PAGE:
Eleven graduate students have been selected to join the Princeton Energy and Climate Scholars Program for the 2013-2014 academic year. The 11 newly selected students, hailing from nine (9) departments across campus, will contribute a wide range of climate- and energy-related expertise to the existing group of PECS scholars. Collectively, their interests include: international climate agreements, climate and energy policy and equity in decision-making, battery technology, fuel propert
A team of five Princeton engineering graduate students is leading a yearlong field research project using new laser sensors to measure pollutants with unprecedented sensitivity.
From June 18-22, follow a group of eight Princeton graduate students as they report on the international environmental negotiations taking place in Rio de Janeiro, Brazil.
Four graduate students have been awarded 2012 PEI-STEP Environmental Policy Fellowships by the Princeton Environmental Institute (PEI) and the Woodrow Wilson School of Public and International Affairs.
The latest campus and local community green initiatives will be showcased at Princeton University's Sustainability Open House from 3 to 7 p.m. Tuesday, Nov. 16, in the Chancellor Green Rotunda.
Various efforts are underway to find a cheap, efficient and scalable way to recycle the greenhouse gas carbon dioxide back into the hydrocarbons that fuel civilization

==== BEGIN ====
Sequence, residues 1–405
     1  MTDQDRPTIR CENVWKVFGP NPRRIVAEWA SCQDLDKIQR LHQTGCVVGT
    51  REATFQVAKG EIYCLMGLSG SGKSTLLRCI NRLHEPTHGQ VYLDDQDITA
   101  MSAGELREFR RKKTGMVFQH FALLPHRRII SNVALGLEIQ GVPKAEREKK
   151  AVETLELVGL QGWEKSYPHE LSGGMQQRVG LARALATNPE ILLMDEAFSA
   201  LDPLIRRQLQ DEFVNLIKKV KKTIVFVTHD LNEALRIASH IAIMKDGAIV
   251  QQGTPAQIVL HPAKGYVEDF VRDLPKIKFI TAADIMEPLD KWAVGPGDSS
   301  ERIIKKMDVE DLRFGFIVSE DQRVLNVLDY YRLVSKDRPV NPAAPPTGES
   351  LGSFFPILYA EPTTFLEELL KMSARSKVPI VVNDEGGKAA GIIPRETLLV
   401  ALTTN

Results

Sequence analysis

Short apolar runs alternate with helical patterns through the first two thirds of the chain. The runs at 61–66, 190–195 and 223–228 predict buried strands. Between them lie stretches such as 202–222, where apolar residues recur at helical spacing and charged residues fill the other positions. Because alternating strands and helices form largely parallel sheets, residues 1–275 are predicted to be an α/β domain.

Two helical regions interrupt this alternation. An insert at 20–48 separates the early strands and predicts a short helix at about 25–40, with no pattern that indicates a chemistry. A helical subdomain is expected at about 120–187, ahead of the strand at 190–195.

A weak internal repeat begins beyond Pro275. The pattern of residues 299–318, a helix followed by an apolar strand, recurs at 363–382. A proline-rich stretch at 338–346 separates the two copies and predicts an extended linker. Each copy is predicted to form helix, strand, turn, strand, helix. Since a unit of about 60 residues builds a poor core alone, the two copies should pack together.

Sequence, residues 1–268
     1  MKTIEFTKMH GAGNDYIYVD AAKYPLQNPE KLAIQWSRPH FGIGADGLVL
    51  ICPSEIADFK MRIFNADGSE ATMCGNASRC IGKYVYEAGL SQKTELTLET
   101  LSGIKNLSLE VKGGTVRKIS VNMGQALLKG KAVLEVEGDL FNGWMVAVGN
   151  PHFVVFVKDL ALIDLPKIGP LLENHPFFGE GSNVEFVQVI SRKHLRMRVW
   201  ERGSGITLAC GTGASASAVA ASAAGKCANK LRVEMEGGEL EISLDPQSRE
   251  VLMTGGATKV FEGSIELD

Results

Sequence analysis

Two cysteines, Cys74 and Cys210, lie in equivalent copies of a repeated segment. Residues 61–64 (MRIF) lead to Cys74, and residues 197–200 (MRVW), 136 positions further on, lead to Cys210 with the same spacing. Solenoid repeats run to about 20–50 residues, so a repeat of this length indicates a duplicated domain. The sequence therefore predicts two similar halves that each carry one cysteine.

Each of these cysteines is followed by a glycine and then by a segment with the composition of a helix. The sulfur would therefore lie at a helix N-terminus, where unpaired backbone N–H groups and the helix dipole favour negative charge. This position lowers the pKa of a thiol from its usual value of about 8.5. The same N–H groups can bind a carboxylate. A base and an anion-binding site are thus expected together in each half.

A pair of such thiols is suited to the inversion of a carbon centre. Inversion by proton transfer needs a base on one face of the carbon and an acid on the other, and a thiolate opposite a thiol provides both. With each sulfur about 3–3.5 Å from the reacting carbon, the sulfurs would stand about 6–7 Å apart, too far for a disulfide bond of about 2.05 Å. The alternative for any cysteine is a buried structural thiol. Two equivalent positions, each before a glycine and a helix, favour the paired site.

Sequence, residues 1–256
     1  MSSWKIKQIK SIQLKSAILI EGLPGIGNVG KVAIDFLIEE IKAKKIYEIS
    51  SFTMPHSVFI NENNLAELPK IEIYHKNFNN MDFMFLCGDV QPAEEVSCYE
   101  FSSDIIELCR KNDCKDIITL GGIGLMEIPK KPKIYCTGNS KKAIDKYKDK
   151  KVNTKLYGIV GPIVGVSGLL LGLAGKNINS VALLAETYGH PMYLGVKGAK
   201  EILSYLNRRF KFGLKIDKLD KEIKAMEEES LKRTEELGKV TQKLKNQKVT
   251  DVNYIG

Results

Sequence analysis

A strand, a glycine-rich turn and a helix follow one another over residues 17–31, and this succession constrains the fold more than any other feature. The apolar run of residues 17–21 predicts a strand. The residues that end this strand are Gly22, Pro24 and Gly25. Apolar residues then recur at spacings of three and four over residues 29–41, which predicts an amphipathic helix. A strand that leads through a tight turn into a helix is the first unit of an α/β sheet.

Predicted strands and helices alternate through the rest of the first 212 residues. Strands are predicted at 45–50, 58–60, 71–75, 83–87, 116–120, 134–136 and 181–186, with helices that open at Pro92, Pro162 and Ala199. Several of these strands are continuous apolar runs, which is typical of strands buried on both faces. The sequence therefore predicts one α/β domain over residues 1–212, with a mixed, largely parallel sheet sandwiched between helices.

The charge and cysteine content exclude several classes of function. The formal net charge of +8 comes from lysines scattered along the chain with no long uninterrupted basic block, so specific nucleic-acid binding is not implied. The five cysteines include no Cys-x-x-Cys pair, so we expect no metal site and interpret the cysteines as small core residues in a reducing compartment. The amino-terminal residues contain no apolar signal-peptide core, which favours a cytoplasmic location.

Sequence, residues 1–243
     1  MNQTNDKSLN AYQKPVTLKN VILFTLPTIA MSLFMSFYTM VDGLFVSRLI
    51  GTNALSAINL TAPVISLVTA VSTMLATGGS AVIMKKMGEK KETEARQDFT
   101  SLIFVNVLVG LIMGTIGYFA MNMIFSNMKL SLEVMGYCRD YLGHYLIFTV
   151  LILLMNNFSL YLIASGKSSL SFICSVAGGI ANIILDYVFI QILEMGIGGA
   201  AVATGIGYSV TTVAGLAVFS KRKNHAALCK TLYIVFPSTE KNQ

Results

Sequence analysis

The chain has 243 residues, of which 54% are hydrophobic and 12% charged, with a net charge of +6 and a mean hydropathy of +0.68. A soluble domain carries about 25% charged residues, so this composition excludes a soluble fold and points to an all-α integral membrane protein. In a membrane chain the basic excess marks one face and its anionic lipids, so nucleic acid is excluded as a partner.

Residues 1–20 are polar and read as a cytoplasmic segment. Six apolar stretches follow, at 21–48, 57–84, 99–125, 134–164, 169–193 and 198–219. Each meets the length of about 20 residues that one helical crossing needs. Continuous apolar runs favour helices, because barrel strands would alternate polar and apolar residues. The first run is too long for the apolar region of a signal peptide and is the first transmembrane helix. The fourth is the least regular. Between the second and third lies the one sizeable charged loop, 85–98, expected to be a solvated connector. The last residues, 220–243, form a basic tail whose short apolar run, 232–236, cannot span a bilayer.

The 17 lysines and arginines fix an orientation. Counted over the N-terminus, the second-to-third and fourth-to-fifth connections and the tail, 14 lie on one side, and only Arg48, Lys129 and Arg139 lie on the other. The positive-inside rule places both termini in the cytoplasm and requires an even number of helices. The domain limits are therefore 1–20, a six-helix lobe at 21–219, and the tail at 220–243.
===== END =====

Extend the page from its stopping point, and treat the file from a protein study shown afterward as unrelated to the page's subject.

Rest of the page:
Two PEI-STEP Environmental Policy Fellows, Ning Lin and Luke MacDonald, graduated in June 2010 with Ph.D.s from the Department of Civil and Environmental Engineering, and in addition were awarded the Graduate Certificate in Science, Technology and Environmental Policy (STEP) from the Woodrow Wilson School of Public and International Affairs.
A Pakistani garbage dump seems like an unlikely place to find a solution to extreme poverty. But then again, the group of students from Princeton and Rutgers universities who plan to convert garbage into hope is an unlikely team.
Anthropology Professor Carolyn Rouse Spearheads Effort to Build the First High School in Oshiyie, Ghana, with Support from PEI/Grand Challenges
When she teaches "Race and Medicine," Princeton professor Carolyn Rouse invites black students to leave class 10 minutes early. She explains that this time would be needed to make up for shorter life expectancy -- on average blacks live five to six years less than whites in the United States.
The recipients include: Kevin Loutherback, Electrical Engineering; Dalin Shi, Geosciences; and Ann Carla Staver, Ecology and Evolutionary Biology.
Faculty in Princeton and Norway Collaborate to Teach Innovative Carbon Capture and Sequestration Course
Serving audiences across the ocean.
Straining between remnants of the old paradigm and integration into the new.
Now in its third year of funding, the Grand Challenges Initiative, administered by PEI in collaboration with the Woodrow Wilson School and the School of Engineering and Applied Sciences, has created a diverse research and scholarship endeavor.
Learn more about Smith's semester as a BP-Vann Fellow and the course he is teaching.
After the disaster the need skyrocketed, inspiring a team of Princeton researchers to launch a one-year effort to develop, deploy and test two novel disaster-relief technologies -- a rainwater harvester and filtration system, and a wind turbine for renewable energy production.